Rethinking Sentence Diagrams

Sentence diagrams are another tool in your grammar toolbox when teaching students to be great writers. Learn more about sentence diagramming in this blog post on the 2 Peas and a Dog website. #grammar #teaching #teachinggrammar #lessonplans

Sentence diagrams questions are something that I see regularly come up in my 18,000+ member Facebook Group #2ndaryELA.

Rebecca Gettelman is a middle and high school teacher from the Midwest. She has been teaching for over eleven years. In this blog post, she shares her passion for using sentence diagrams as an important tool in her English Language Arts classroom.

I’m going to let you in on a little secret. The first time I diagrammed a sentence was my junior year of college. I went through a very traditional grammar curriculum in elementary and middle school, rigorous college-prep English classes in high school, and had really great English teachers from day one all the way through college – but the first time I laid eyes on a sentence diagram was in a 300-level English class when I was twenty-one years old. Truth be told, my grammar skills are (and were) pretty good.  

So as someone who did just fine without the benefit of sentence diagramming, it would be reasonable to assume that I fall into the category of people who believe that sentence diagramming is a skill that is at best antiquated and at worst a complete and utter waste of time. This is not the case. It may come as a surprise that not only do I love sentence diagramming, I also firmly believe in the usefulness and importance of teaching this skill to our students.  

Let me tell you a few reasons why I believe sentence diagrams are important.

Reason Number One: Just One More Tool in Your Toolbox

Not all English teachers remember a time when writing was difficult, grammar didn’t just fall correctly on the page as you wrote, and reading wasn’t an enjoyable pastime. For many of our students, the English language is anything but instinctual. Enter sentence diagrams.

Far from being a useless waste of time, these collections of lines are just another way to explain how the English language fits together. They give teachers another method to explain how a given grammatical term or structure works besides the traditional define/apply method, and they show students a concrete, visual depiction of grammar.

For all teachers, but particularly for those with struggling students, access to a wide variety of tools and teaching techniques is an especially valuable part of their curriculum.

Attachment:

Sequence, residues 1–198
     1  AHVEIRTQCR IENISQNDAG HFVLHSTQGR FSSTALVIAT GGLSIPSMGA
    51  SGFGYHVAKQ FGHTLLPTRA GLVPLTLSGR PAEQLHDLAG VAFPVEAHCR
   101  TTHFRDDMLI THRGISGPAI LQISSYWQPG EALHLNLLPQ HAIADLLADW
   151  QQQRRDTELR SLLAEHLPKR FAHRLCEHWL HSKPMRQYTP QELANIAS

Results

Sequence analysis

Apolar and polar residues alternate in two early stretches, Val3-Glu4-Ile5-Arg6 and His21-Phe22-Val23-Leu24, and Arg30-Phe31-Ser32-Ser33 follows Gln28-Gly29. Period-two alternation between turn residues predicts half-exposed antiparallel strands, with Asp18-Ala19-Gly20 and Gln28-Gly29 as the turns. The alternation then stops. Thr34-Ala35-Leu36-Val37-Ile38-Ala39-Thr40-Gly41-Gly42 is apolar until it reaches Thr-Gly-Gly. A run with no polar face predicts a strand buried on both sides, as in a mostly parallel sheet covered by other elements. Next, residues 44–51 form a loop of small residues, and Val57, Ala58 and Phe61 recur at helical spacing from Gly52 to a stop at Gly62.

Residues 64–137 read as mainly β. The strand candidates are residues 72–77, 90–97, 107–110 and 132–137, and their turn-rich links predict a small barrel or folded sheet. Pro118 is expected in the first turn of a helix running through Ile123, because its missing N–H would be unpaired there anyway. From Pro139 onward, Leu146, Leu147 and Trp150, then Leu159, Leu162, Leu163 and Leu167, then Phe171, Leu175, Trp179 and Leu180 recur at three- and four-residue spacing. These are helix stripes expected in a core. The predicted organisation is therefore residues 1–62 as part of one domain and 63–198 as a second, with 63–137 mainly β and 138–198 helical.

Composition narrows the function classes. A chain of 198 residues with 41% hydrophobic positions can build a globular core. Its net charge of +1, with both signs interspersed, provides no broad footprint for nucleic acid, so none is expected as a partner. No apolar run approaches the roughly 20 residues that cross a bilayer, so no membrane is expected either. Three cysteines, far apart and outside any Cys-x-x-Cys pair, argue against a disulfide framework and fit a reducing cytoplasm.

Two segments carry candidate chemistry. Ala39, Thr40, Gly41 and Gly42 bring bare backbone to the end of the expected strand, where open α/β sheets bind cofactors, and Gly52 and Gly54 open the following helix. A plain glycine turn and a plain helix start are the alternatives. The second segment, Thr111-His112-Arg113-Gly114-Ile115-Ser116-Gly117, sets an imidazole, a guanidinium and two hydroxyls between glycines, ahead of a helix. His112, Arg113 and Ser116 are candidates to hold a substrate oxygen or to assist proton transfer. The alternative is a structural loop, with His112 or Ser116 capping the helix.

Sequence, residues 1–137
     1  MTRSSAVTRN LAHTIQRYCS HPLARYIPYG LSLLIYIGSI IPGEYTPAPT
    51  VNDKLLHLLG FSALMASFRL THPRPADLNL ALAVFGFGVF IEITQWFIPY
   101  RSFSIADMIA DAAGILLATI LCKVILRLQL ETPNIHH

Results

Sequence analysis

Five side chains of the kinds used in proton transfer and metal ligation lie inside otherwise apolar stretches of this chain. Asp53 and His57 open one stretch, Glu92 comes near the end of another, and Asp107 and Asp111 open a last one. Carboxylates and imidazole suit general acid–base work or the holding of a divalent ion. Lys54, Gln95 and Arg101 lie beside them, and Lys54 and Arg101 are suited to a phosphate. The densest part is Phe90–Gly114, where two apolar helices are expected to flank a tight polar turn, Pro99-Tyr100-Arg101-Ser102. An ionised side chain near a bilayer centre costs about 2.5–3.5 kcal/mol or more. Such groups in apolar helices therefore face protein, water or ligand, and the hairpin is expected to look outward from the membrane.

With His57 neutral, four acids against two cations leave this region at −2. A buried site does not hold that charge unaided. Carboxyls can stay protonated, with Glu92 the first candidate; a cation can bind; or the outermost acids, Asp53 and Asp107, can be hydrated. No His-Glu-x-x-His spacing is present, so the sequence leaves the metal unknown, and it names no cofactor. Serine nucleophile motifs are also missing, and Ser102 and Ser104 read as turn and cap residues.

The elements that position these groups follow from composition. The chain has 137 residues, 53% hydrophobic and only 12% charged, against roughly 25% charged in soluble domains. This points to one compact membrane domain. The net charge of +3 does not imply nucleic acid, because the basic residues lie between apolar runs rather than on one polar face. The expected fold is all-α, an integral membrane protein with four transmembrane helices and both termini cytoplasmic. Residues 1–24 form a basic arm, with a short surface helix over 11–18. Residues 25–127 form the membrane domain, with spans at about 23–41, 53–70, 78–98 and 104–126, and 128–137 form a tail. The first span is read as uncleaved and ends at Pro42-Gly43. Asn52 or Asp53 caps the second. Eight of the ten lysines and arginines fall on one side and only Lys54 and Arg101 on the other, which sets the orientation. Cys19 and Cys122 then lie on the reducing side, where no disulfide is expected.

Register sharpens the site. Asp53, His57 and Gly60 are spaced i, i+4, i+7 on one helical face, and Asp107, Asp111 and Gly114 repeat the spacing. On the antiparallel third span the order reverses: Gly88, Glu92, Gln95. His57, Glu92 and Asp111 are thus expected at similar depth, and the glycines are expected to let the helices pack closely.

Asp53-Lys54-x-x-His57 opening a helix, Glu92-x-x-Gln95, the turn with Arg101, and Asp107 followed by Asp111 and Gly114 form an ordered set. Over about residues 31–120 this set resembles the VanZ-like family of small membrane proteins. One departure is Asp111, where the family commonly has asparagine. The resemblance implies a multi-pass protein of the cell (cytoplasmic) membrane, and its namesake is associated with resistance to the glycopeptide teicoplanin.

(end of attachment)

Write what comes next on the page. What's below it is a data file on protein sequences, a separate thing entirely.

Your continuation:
Reason Number Two: Demanding the Development of Depth

Diagramming sentences requires the diagrammer to develop much more than a cursory understanding of grammar. If you are familiar with Bloom’s Revised Taxonomy, the basic grammar lessons that most students complete on a regular basis are at the lowest or maybe the second lowest level of the pyramid (remember, understand).  

In order to diagram sentences, you must move up to at least the third level (apply) and often to the very top of the pyramid (create). Don’t get me wrong, basic grammar lessons where terms are learned, examples given, and where students must identify grammar structures, insert the proper words, and correct mistakes are a useful and good start to understanding. These lessons are an important part of my own curriculum.  

However, the depth of understanding that develops when learning to correctly diagram sentences is something that does not often come with these basic lessons. The deeper one’s understanding, the more likely it is to stick. While few people will diagram a sentence at any point in their adult lives, the skills and understanding of the English language that those diagrams encouraged will stay with adults way beyond their school days.

Reason Number Three: Visual Methods for Visual Learners

Sometimes we use words as part of a title of a given thing so much that we forget that the individual words have individual meanings.  Think about ice cream for example.  For most of us, this compound noun means a delicious treat found in the freezer section of our local grocery store, but in reality ice cream is telling us exactly what this item is created from: cream that has been turned to ice (that is, frozen).  

Sentence diagramming is like this. The term sentence diagram has for many become strictly the title of one more section in our books – a ridiculous and antiquated activity with pages full of endless, arbitrary, spider webbing lines. But just like ice cream, sentence diagram can be less title and more description.  

Many students, especially (but not limited to) our visual learners, benefit from being able to see how grammar works instead of just being given written definitions and descriptions. They need something to look at, to visualize, to analyze, something like…a diagram!  Sentence diagrams are visual representations of the grammar of given sentences. Once students master the basic “code” of sentence diagramming (for example, what a slanted line in a particular spot means), they have an easy way to visually understand grammar.

To find more sentence diagramming support and resources you can check out Rebecca’s grammar resources on Teachers Pay Teachers.

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